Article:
Joey Ryan & the Inks: It's about exposing yourself and letting that inner self shine

Joey Ryan & the Inks: It's about exposing yourself and letting that inner self shine
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"It's odd that my name is in the band name. We are very much a band and a collaborative effort, so it's misleading to have my name in front," Joey Ryan of Joey Ryan & the Inks humbly admits. The lead singer and the rest of the Inks, Tim Dickson, Ryan Mach, and brothers Chris and Matt Mitchell, are crammed into a booth in the back of a very noisy Depot next door to First Ave. on a Friday night, yet they don't seem to mind the close proximity.

The band is very comfortable with one another, and that comfort is conveyed on their new EP, Pause, set to release at the Cedar Cultural Center on Saturday.

Pause doesn't move too far from their original sound, but it certainly had them experimenting with new directions, something that Matt Mitchell admits was because there was a level of ease that allowed for them to deviate. He shares, "There has to be a measure of comfort that you have with the rest of the band to be able to introduce something that's different." Ryan Mach adds, "In the early days, we wanted to be reminiscent of nostalgic '60s pop music, and we still have a lot of that in our sound, but on this album, we've let music from other generations and different genres creep in a bit more."

Sitting on the edge of the table is a box that contains the band's first pressing of Pause. With it in hand, it is flipped over on the table to reference the songs -- more in particular "The Transfiguration of Eugene Wolf." The title sounds like a new horror film, but Joey shares that it's actually about a real person when asked if Eugene Wolf really exists. "There is actually more than one Eugene Wolf, but our song is created around a good friend of mine's father. He makes music on his own time; he's an older guy who does funny records and stuff, but he puts a lot of time into it. The song is about exposing the inner person, coming to terms with being okay to let your inner self shine."

That introspective feel is a theme that weaves its way into a lot of the songs on Pause. The group felt they needed a moment to reflect and show discovery for dealing with things in life. Lyrically, the batch of songs opens up more to the interpretation of contemplation than the first two full-lengths held. The last song on Pause, "For a Minute," aptly sums up the theme. Mach says, "It's about slowing things down and enjoying the moment."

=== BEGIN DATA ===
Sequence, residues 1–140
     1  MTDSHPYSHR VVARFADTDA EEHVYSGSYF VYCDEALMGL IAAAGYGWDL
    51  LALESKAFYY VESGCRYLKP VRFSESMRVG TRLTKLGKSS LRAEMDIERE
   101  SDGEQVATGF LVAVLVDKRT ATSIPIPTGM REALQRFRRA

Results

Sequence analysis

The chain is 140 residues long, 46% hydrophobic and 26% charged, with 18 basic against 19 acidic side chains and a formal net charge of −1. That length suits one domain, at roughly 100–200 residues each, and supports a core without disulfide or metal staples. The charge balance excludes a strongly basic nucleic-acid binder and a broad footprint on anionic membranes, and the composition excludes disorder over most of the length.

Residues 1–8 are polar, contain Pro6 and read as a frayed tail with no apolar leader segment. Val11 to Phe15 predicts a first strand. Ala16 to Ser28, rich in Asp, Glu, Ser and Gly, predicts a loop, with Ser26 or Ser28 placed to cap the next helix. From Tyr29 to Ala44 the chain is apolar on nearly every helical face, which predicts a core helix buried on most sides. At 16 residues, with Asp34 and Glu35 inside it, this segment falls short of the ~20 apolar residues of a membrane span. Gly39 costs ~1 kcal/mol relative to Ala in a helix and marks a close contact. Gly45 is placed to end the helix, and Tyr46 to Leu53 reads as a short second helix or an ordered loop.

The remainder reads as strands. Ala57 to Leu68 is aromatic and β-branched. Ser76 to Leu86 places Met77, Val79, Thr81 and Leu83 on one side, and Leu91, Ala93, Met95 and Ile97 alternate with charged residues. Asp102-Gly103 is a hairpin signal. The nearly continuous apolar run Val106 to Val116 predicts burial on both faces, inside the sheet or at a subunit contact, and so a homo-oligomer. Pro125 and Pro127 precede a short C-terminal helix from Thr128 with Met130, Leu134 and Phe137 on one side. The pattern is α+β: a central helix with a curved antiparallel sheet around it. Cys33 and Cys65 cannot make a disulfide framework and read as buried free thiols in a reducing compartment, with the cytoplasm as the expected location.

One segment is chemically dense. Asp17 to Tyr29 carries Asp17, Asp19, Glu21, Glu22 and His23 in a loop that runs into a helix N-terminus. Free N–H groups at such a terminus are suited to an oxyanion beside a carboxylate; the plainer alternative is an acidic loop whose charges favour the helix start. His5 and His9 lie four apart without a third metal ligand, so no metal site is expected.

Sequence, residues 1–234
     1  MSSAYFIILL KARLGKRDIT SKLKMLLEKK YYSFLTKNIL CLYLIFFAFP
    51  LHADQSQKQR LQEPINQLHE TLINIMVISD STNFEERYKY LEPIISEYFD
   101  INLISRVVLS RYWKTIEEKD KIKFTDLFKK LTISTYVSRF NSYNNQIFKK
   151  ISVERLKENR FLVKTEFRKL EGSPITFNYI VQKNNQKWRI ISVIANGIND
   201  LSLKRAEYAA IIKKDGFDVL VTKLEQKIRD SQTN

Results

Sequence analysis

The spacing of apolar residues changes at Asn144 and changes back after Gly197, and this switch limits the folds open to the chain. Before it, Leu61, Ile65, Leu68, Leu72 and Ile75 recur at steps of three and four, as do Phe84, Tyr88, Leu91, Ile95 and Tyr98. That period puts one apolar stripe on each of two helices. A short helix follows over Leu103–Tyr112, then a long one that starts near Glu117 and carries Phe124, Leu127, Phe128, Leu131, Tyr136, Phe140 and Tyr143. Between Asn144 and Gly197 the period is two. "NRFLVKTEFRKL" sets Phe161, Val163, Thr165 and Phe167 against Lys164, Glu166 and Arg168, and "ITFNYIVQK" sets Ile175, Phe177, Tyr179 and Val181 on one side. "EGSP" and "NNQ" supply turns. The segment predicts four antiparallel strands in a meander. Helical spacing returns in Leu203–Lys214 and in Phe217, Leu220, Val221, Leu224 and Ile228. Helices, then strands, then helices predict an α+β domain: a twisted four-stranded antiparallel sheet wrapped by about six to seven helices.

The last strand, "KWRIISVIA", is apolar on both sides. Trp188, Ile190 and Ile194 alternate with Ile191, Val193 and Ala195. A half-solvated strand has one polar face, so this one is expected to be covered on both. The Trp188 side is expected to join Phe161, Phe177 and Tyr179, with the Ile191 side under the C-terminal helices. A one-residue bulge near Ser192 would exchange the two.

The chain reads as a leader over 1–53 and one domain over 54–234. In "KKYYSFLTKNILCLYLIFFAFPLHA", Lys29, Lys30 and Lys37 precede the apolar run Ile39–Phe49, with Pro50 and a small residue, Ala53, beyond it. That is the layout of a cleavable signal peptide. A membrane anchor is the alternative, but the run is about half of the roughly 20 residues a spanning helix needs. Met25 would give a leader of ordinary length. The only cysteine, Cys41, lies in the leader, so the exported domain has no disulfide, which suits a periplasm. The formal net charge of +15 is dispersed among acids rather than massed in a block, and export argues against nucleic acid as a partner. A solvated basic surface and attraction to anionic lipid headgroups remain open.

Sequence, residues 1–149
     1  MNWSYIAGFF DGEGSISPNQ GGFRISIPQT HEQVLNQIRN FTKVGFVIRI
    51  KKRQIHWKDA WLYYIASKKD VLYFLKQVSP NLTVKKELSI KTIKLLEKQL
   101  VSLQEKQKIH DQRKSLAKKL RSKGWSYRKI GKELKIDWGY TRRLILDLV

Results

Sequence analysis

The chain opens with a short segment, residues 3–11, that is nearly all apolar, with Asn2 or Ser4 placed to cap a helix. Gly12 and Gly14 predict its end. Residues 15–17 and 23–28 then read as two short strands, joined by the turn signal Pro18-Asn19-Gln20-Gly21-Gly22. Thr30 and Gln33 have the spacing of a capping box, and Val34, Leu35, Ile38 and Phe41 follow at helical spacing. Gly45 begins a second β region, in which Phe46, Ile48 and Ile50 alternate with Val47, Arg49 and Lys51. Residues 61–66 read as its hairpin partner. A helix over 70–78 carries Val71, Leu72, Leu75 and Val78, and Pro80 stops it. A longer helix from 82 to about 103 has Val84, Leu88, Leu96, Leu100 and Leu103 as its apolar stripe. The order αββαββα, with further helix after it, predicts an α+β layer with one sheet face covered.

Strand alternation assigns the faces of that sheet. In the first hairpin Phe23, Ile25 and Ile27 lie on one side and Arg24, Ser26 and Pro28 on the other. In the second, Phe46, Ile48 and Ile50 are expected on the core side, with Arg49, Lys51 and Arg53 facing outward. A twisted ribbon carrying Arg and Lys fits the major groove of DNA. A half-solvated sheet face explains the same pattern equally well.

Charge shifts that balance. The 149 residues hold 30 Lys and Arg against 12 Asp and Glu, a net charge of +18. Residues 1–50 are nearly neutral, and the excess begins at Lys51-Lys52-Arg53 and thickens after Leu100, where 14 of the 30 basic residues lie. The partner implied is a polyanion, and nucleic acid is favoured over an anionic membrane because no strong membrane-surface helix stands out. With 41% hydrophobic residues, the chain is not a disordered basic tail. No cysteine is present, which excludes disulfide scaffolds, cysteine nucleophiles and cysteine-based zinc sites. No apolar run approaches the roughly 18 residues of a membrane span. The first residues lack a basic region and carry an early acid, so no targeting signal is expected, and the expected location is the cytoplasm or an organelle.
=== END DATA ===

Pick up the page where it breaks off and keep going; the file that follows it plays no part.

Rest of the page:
Much of that introspection comes from the many places the group is at in their lives. Being on their third album and including music in their hectic schedules has gained them a maturity that is lacking in younger bands. Matt shares that when he and Joey's previous band broke up, it was a little gut-wrenching. "I didn't ever want to take it that seriously again where I can feel like something's going to be taken away from me. I went into this band with the attitude that no matter what, we're going to have fun. If we stop having fun, I'm out. I wanted it to be more relaxed, and I think saying that out loud helped a lot. In a band that collaborates a lot you put a lot of trust in each other."

Anyone that has been to a Joey Ryan & the Inks show can witness that trust and, much more importantly, energy and fun onstage. Chris admits that's been the one thing that has kept it fresh for him. "Every time we play, it's about a loose group of guys where we take our music seriously, but we don't take ourselves seriously."

Moving forward, the band is planning on releasing smaller batches of high quality music in shorter time -- although it has been two years since their last album, Dennis Lane. The group essentially recorded half the amount of songs as the prior records for Pause, but spent the same amount of time recording them. Not driven by the trends of the industry, Joey Ryan & the Inks don't feel the pressure of a label and outside sources to follow other people's timelines.

Chris Mitchell says, "We're still feeling out what works best for us. This time we wanted to do an EP, and a lot of it is more organic rather than a laid out marketing plan." The band's goal is to release another EP within the 2013 year, and Joey hesitates before responding with, "If you're going to hold us to that, we better." While the songs are still raw, the name of the new EP has been tossed around with the idea of Fast Forward being thrown in the mix. They jokingly call out, "This one is Pause, and the next one is Play...or Stop and Reset! We're gonna go through all of the VCR buttons."

Joey Ryan & the Inks will release Pause at the Cedar Cultural Center on Saturday, April 20, 2013 with Farewell Milwaukee.
AA, $12 adv, $15 door, 7 pm
Purchase tickets here.

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